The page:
Mueller report released


LEFT: Pablo Martinez Monsivais | AP; RIGHT: Charles Dharapak | AP

LEFT: President Donald Trump gestures during at the White House, Thursday, April 18, 2019. RIGHT: An Oct. 28, 2013, file photo of former FBI Director Robert Mueller in Washington. Mueller’s long-awaited report on Russian interference in the 2016 presidential election was released Thursday.

It’s finally here. A partially-redacted version of Special Counsel Robert Mueller’s 448-page report was released to the public April 18, almost two years after the former FBI director was appointed in May 2017 by Deputy Attorney General Rod Rosenstein. The report has cost taxpayers tens of millions of dollars, with estimates suggesting the final tally will be around $35 million.

According to an analysis by ProPublica, roughly 6 percent of the Mueller report is “within redacted blocks.” The material that is redacted relates to grand jury testimony, investigative techniques, matters of personal privacy and material that could compromise ongoing investigations.

Mueller has so far secured 34 indictments and seven guilty pleas. Many relate to ancillary investigations and alleged crimes that occurred before Trump was elected, including instances of unregistered foreign lobbying and lying to either Congress or the FBI.

Across two volumes, the Mueller report discusses both Russian interference in the 2016 presidential election and whether members or associates of the Trump campaign conspired with Russia. The report concludes that there was “sweeping and systemic” interference by the Russian government to sway the election in Trump’s favor, through the social media efforts of the “troll farm” Internet Research Agency (IRA) and the hacking efforts of the GRU Russian intelligence service.

While Mueller’s team did find “numerous links” between the Trump campaign and the Russian government, the report concludes that “the evidence was not sufficient to support criminal charges.”

Trump has repeatedly used the phrase “no obstruction, no collusion” in defending himself. In the report, Mueller makes clear “collusion” is not a specific legal term with applicability to U.S. Code or federal criminal law. The Special Counsel’s Office was focused on “conspiracy,” which does have legal precedent for prosecution.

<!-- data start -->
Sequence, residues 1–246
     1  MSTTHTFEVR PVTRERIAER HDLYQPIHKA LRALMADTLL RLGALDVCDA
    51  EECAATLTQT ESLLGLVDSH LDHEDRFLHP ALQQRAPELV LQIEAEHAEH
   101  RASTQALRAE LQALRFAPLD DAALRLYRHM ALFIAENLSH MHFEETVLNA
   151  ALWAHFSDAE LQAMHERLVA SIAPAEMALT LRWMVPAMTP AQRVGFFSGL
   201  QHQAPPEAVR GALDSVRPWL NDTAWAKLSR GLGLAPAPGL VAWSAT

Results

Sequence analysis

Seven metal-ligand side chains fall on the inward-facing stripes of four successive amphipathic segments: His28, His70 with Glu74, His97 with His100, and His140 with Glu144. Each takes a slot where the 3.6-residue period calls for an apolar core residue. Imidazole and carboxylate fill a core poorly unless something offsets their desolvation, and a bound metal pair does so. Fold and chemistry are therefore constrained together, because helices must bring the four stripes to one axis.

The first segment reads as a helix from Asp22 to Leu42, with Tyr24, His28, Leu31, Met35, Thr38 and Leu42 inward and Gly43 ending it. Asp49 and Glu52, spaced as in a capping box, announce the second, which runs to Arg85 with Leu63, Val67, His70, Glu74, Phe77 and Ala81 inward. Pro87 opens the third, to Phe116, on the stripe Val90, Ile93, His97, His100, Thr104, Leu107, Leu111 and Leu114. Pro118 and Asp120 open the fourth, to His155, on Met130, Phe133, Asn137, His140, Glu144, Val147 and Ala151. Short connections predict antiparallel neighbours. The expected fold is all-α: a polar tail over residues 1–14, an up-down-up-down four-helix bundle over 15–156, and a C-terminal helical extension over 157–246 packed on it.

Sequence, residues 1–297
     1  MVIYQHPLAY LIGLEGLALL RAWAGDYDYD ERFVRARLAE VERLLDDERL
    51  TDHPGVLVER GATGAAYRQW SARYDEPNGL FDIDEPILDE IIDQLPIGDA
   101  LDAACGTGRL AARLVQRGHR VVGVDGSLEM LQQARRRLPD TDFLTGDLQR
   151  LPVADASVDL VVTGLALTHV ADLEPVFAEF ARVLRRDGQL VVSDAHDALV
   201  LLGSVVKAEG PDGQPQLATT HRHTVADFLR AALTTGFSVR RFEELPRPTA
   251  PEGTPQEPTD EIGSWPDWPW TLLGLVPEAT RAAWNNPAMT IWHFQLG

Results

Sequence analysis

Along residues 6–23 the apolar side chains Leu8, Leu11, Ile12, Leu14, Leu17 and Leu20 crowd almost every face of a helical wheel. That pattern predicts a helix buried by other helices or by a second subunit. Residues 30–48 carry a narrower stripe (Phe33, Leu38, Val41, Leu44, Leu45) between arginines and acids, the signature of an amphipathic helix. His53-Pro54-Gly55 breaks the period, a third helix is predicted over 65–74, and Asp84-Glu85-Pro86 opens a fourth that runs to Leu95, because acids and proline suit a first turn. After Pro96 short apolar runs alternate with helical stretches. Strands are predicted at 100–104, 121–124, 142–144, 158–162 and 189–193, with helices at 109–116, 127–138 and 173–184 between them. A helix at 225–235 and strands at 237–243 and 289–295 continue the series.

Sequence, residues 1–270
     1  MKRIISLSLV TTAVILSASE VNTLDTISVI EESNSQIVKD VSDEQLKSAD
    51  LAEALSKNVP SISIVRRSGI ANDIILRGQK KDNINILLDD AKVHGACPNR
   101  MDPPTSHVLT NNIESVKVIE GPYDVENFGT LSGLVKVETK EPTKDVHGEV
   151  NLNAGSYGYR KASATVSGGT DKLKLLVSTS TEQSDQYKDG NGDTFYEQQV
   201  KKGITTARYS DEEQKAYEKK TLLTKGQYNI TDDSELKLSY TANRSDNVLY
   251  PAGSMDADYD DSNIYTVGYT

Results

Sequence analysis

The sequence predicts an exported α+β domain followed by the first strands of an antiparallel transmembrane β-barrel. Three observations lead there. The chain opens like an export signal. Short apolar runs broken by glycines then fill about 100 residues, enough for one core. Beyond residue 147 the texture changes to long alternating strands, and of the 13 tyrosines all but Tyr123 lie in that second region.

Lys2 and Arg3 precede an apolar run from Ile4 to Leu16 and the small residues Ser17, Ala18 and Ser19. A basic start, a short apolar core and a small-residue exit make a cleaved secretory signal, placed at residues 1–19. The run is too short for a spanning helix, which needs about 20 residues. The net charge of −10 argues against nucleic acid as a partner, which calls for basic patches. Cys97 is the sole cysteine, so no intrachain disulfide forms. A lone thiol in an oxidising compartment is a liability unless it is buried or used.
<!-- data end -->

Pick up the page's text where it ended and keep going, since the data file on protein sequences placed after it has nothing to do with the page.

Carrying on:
Much of this section of the report confirms previous reporting on the extent of Russian meddling in the 2016 election, including the release of hacked Democratic National Committee emails by Wikileaks.

The second volume of the report deals with whether or not the president’s attempts to stymie the Mueller probe rose to the level of a criminal act. On this Mueller declined to make a determination, instead leaving the issue to Congress.

DePaul political science professor and constitutional law expert Joseph Mello said Mueller likely had enough evidence to go ahead with prosecution.

“It’s clear from reading the report though that Muller did not charge Trump with a crime, not because he didn’t have the evidence for it (seems like he clearly did) but because Department of Justice guidelines prevent him from bringing criminal charges against a sitting president,” he said via email. “It is likely that he wanted Congress to take up the question of whether or not Trump committed obstruction through impeachment proceedings.”

For its part, the report notes if Mueller’s team “had confidence after a thorough investigation of the facts that the President clearly did not commit obstruction of justice, we would so state.”